Earlier this week John Denham spoke in the House of Commons on the issue of Europe. Following a speech by David Cameron on Europe, there is now a real risk that the UK stumbles into an in/out referendum and Britain stumbles out of Europe. Labour are clear that Britain’s national interest would not be served by announcing an in/out referendum tomorrow and Labour will not promise one unless it does.
Here’s John’s speech:
Mr John Denham (Southampton, Itchen) (Lab): The Foreign Secretary is a fine orator but today, apart from quite an amusing bit at the end of his speech, he gave the impression that he would rather have been anywhere other than here. He certainly gave no clue why this issue has driven such passions in politics over a long time.
Let me make one or two fundamental points. There is a fundamental truth: the driving forces of anti-Europeanism are fear and pessimism—fear of meeting the challenges of the 21st century and pessimism about our country’s role in the world. Many Eurosceptics would like us to believe that they are patriots, but their actions tell a different story and show a deep belief that Britain’s future is inevitably one of decline, lowered ambitions and a downgrading of our role in the world. I do not think, based on the same evidence as that used by the hon. Member for Isle of Wight (Mr Turner), that most British people want to share that pessimism about our future.
When Eurosceptics talk of being free from the drag of co-operation, from shared obligations and from any common purpose, and when they talk about Britain going it alone, they think that that is a proud statement of intent. It is not. It is an admission that they have lost faith in the future of our country. Those who say, “Go it alone” do not believe that we can succeed, as any modern nation must, in collaboration with others. They think that if Britain tries to work with others we must inevitably be losers—that it will always be them bossing us, rather than us influencing them. The debate does not divide Europhiles from Europhobes; it divides pessimists from optimists.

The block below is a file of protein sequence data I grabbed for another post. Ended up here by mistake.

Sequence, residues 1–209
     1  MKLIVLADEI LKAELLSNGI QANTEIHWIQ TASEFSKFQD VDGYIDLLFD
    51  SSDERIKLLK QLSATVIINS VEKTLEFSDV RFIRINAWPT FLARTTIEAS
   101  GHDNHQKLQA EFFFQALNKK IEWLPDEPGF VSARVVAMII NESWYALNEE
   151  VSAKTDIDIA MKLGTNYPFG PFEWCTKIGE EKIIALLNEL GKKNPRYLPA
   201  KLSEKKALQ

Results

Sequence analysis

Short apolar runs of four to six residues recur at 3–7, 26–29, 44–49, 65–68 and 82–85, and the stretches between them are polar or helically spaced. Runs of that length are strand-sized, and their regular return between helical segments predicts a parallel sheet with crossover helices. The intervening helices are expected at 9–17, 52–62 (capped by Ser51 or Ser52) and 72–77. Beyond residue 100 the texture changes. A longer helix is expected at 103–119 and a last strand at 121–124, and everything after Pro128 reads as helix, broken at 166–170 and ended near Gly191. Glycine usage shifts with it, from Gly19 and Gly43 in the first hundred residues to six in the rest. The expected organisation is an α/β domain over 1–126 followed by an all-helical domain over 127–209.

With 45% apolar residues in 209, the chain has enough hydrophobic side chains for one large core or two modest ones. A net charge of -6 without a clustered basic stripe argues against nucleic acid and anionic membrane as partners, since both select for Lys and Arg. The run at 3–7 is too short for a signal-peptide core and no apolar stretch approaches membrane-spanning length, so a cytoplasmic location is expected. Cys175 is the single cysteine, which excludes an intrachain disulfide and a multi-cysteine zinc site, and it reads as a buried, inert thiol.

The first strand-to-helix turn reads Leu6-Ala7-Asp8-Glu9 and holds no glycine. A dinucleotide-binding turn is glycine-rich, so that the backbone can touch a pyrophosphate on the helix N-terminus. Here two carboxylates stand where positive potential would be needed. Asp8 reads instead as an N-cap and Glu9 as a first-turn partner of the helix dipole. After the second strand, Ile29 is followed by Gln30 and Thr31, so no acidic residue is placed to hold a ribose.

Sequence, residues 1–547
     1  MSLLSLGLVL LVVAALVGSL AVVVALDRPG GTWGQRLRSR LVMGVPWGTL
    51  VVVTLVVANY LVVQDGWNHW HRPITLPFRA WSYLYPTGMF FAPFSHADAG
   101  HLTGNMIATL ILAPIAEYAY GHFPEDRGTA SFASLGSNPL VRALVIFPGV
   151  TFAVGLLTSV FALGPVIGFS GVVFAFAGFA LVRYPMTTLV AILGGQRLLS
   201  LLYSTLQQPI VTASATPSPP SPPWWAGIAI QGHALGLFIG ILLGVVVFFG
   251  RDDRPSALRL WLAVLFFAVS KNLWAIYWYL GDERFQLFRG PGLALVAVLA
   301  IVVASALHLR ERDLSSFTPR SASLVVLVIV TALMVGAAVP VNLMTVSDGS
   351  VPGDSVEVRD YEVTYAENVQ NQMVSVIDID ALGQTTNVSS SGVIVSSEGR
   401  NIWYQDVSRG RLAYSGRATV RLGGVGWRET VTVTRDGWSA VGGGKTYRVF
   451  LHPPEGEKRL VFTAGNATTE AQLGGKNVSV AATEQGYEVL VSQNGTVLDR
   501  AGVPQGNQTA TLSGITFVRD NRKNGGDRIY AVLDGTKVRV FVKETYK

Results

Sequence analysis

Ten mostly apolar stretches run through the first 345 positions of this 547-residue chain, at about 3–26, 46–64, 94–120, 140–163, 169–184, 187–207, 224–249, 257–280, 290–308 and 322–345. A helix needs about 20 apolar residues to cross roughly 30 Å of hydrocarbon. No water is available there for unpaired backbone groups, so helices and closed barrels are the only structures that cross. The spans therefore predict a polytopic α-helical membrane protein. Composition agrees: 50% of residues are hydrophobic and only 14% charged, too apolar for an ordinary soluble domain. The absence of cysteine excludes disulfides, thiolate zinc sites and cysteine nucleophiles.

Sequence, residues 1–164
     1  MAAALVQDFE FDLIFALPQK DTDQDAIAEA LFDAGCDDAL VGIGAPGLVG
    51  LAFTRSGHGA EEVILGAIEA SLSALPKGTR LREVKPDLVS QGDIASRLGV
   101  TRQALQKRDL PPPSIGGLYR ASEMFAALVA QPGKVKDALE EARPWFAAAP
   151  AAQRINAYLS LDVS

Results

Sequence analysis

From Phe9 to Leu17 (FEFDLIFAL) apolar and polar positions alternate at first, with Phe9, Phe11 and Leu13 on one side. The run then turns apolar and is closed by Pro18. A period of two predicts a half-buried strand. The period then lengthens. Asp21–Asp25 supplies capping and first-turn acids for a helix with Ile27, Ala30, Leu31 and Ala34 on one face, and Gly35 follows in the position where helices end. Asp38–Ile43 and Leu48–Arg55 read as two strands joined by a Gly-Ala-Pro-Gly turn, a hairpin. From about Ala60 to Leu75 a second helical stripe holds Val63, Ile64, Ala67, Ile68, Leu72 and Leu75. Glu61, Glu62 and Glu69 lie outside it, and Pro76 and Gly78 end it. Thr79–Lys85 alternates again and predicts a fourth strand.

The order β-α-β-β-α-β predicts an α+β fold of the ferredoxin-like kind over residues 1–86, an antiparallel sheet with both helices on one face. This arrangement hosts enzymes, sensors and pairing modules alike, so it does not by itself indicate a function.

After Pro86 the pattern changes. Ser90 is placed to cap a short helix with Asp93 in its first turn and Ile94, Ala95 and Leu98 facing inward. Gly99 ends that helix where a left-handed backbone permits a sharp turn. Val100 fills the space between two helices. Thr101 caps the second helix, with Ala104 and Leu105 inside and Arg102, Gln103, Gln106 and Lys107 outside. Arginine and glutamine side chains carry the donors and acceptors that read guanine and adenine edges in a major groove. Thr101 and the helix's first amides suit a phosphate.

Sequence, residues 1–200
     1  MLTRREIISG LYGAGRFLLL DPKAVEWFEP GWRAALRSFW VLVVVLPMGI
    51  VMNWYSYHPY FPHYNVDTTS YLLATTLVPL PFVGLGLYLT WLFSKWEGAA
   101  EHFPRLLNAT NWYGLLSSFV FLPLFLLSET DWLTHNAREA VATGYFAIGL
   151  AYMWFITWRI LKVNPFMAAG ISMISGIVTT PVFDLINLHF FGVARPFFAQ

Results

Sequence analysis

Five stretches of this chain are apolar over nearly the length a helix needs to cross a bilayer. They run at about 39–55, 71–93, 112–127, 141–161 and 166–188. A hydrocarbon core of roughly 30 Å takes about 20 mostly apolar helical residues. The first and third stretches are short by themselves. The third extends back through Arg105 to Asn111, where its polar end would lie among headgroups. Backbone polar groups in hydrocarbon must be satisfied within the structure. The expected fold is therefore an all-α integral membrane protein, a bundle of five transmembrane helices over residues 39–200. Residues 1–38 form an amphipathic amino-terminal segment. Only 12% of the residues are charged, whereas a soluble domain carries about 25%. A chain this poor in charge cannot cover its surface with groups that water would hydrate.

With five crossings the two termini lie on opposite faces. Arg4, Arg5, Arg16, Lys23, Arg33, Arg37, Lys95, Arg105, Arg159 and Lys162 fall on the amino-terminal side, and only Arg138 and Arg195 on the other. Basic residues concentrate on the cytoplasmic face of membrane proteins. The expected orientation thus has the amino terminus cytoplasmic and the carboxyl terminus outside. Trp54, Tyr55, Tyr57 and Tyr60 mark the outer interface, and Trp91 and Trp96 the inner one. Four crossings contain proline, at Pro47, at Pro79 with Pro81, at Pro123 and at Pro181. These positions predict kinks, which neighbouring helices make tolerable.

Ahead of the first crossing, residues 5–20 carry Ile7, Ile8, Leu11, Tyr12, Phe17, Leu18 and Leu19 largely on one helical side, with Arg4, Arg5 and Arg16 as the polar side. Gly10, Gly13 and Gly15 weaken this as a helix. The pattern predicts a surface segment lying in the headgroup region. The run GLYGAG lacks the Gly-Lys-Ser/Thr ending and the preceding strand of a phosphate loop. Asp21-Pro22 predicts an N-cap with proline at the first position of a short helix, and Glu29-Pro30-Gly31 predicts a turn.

Andrea Leadsom: Does the right hon. Gentleman not think that the Prime Minister’s speech last week was incredibly optimistic about Britain’s positive future at the heart of a newly globally competitive reformed European Union? Surely, it was the definition of an optimistic speech.
Mr Denham: None of us is against competitive success, but the Prime Minister gave no clue about how he thought that should be achieved or about which failures to achieve it in the EU would lead him to a no vote. It was all motherhood and apple pie, as my right hon. Friend the leader of the Labour party said last Wednesday. We can always sign up to those five principles, but the speech took us no further forward.
Mr Redwood: Will the right hon. Gentleman give way?
Mr Denham: I shall do so a little later.
On the one hand, we have those who believe Britain can never again be a nation of power and influence; on the other, we have those of us who have few doubts about the capacity of our country and our people to succeed, our ability to have an influence that exceeds our economic power and our capacity to create a stronger economy in the future.